Now, that the scandal has been created, Lula's government does not know what to do to avoid the incident becoming a serious international crisis that could bring isolation on Brazil and exclusion from the next G8 meeting, currently chaired by Italy, under the claim that our country does not cooperate with the international fight against terrorism, but salutes it instead, giving refuge to terrorists.

Whereas some people claim that, with this decision, Brazil shows it is an example of democracy [pt] and that the criticism is part of a political dispute. Ralf Rickli [pt] highlights that the media has so far only shown one side of the story: the protests from the Italian side. The blogger comments on the doubts cast on Battisti's trial in absentia in 1987, and mentions the fact that the Mitterand government had also denied his extradition. The blogger asks: “why doesn't our mainstream media report this?” and answers:

E aí de repente lembro que o atual primeiro-ministro da Itália é um magnata da imprensa… Representante típico de uma certa direita que se vale da força da imprensa como instrumento de poder – com o qual vem se safando inclusive de repetidas acusações de corrupção e de ligação com a Máfia.

Mas deve ser só coincidência, não? Não deve haver nenhuma relação…

And then I suddenly remember that the current Italian Prime Minister is a media magnate… A typical representative of a right wing group that uses the strength of the media as an instrument of power – with which it has been getting away with repeated accusations of corruption and links with the Mafia.

But it should be only coincidence, no? There should be no relationship…

On the press handling of the issue, Sociologist Rudá Ricci [pt] calls most criticism an irrational reaction of left-wing militants and some of the media:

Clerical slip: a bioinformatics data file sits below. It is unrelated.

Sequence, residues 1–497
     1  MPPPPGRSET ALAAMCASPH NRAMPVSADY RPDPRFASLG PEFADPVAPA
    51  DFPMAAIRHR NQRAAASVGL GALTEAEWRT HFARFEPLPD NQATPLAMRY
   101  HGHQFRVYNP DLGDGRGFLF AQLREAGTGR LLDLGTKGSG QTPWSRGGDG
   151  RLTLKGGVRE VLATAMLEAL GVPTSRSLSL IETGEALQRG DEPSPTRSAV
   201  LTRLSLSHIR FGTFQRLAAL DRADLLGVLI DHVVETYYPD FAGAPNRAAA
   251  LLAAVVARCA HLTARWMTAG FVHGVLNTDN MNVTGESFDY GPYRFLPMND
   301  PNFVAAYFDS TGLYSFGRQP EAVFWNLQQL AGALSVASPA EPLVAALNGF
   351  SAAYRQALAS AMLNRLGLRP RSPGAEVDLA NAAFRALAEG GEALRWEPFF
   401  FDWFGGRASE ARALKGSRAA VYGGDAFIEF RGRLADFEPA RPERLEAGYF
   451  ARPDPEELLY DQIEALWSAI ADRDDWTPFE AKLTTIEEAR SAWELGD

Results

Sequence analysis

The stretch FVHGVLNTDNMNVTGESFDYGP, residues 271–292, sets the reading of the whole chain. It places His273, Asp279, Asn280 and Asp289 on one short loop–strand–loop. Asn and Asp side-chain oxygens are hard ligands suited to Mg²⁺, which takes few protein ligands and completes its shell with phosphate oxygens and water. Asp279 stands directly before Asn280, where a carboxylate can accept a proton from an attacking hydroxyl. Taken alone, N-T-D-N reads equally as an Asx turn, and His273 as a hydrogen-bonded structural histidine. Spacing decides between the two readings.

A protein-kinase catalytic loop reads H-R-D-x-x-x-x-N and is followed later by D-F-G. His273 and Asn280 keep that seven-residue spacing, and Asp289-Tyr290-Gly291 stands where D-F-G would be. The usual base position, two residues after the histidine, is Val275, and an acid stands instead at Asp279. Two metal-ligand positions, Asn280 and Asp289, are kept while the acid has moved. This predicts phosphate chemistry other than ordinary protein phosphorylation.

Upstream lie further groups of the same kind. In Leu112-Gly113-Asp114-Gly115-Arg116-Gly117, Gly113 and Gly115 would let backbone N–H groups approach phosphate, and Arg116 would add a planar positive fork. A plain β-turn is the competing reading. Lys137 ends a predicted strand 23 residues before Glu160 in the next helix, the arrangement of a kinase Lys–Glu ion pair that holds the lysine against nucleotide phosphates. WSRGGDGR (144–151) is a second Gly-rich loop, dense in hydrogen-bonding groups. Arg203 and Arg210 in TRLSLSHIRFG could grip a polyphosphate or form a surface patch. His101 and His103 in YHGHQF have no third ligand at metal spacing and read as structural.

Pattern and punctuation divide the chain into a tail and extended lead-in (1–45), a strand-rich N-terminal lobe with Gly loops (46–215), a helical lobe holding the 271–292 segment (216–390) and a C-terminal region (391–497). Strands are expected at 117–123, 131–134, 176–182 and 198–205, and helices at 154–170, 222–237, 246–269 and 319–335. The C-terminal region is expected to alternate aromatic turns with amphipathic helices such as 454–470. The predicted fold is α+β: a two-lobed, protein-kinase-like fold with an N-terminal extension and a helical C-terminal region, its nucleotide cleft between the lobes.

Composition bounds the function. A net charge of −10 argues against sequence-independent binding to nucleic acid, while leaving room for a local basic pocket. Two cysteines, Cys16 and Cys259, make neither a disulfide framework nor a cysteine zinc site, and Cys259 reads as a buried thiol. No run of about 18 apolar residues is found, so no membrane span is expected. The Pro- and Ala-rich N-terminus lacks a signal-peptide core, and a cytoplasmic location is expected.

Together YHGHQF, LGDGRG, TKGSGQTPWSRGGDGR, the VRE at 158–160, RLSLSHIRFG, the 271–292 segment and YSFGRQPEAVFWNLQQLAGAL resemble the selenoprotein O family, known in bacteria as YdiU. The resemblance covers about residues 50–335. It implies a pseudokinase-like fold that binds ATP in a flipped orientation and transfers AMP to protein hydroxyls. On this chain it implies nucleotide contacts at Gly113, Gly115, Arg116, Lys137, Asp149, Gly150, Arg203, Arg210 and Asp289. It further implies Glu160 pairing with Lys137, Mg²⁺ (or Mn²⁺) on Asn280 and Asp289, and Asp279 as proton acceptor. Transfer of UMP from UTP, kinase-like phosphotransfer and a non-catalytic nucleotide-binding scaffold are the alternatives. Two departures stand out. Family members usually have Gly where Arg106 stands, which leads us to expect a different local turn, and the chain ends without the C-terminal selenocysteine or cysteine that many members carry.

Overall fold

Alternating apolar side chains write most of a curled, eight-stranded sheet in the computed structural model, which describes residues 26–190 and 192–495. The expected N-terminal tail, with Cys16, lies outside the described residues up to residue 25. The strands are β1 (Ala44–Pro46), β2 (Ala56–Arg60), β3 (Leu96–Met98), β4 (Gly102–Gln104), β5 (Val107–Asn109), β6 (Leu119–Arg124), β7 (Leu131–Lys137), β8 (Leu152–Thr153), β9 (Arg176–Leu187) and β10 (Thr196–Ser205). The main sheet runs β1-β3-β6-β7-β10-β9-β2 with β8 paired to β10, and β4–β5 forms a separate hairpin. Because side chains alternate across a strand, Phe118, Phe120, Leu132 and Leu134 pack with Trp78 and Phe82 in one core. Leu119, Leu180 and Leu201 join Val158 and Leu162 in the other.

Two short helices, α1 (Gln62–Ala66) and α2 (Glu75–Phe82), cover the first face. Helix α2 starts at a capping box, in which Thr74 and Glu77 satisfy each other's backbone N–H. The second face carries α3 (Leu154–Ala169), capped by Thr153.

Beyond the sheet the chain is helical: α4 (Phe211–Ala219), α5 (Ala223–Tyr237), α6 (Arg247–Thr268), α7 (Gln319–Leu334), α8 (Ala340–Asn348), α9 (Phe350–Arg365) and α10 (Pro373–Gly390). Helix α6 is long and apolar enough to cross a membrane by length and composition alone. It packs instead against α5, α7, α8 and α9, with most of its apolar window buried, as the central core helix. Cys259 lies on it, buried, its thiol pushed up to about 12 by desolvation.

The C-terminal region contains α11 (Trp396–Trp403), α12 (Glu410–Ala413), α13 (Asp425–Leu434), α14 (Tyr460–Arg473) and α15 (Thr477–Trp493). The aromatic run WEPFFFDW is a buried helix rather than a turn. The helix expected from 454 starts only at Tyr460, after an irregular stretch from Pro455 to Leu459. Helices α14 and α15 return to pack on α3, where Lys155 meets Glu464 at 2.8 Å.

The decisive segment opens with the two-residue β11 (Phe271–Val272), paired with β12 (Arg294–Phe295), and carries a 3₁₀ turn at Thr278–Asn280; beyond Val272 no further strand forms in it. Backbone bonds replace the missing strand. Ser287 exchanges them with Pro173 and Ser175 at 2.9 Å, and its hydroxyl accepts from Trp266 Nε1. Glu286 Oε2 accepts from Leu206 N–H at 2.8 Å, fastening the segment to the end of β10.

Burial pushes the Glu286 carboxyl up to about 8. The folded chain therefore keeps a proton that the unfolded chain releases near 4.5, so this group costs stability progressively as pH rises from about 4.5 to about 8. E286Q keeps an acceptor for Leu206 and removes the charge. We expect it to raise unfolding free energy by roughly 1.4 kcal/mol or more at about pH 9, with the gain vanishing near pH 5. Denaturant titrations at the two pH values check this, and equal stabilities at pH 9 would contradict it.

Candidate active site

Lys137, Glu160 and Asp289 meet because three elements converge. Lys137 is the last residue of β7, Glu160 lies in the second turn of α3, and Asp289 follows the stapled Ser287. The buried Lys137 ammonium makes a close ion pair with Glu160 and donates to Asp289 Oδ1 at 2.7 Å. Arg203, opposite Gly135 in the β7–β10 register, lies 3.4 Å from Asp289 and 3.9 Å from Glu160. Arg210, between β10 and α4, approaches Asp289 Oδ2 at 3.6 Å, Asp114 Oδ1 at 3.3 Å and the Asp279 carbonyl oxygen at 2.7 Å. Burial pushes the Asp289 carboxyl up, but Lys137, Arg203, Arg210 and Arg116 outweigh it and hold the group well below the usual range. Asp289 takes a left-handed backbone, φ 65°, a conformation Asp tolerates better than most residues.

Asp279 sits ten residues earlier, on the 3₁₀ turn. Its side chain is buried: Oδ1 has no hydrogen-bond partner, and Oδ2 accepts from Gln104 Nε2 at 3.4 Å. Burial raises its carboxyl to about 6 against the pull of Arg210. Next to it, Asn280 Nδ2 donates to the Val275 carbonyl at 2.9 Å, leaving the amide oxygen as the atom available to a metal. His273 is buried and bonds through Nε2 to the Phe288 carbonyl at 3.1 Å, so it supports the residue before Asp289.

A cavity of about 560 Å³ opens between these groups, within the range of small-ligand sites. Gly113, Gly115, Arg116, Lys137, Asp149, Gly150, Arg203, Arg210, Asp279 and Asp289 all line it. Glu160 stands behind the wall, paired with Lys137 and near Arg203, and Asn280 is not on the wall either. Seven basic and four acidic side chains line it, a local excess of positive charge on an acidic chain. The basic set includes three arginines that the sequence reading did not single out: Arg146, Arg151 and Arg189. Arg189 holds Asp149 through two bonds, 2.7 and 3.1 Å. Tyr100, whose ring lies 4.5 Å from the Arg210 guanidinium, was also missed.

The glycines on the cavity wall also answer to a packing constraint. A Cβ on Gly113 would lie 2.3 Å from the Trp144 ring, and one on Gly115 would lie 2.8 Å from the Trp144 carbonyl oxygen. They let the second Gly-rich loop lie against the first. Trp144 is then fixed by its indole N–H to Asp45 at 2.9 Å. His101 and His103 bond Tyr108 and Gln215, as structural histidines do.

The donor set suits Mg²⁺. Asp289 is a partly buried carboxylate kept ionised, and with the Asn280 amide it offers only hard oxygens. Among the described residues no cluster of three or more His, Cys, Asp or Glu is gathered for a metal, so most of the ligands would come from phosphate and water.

Irracional porque do ponto de vista legal, o ato não fere nenhum princípio. Mas é um ato político, sem dúvida. E é por aí que a nuvem de fumaça se espalha. Comecemos pelas reações à direita:
1) O Clube Militar emite nota destacando que se trata de concessão de asilo a um assassino sanguinário. Aliás, vai mais longe e cita uma tal “ditadura sanguinária”;
2) O governador José Serra, de olho no eleitorado paulista (muito conservador) afirma timidamente que se trata de um equívoco. Tímido porque ele mesmo foi um refugiado político no Chile e conviveu com brasileiros que eram denunciados pelos mesmos crimes que Battisti;
3) O senador e ex-presidente italiano Francesco Cossiga ataca Tarso Genro dizendo que se trata de um ministro “cretino”;
4) A polícia italiana diz que o próprio Battisti matou quatro pessoas. Ele nega.

Os argumentos são exagerados e frágeis, como se percebe.

Irrational because from the legal point of view, the decision does not hurt any principle. But there is no doubt it is a political decision. And this is where the confusion starts. Let's start with the right-wing reactions:
1) The Military Club has publicized a note emphasizing that it is granting asylum to a bloodthirsty killer. Moreover, they go further and mention a “bloody dictatorship”;
2) The Governor [of the state of São Paulo] Jose Serra, with an eye on the local (very conservative) electorate says timidly that this was a misunderstanding. He was shy because he was a political refugee in Chile and lived among Brazilians who were denounced for crimes like Battisti's;
3) The senator and former Italian president Francesco Cossiga attacked Tarso Genro saying that the minister is an “asshole”;
4) The Italian police says that Battisti killed four people himself. He denies it.

The arguments are exaggerated and fragile, as we understand.

Others don't quite agree and think the country has taken a wrong turn. Fernando Rizzolo [pt] qualifies the Brazilian Government's decision which has put Brazil in a fix as marred by ideological ties rather than legal considerations:

É impressionante a que ponto a paixão pela ideologia da esquerda faz com que um País como o Brasil se indisponha com a Europa. Não é possível que o ministro Tarso Genro, o PT, o presidente Lula encontrem neste cidadão Battisti “algo maior” ao defendê-lo e colocar o Brasil numa situação complicadíssima. A Itália é uma democracia, a própria esquerda italiana não o defende. Para que tudo isso ? Lula deveria ter reconsiderado a decisão de Tarso, mas não, o PT tem um amor incrível as causas esquerdistas, a ponto de sacrificar um País, não é ?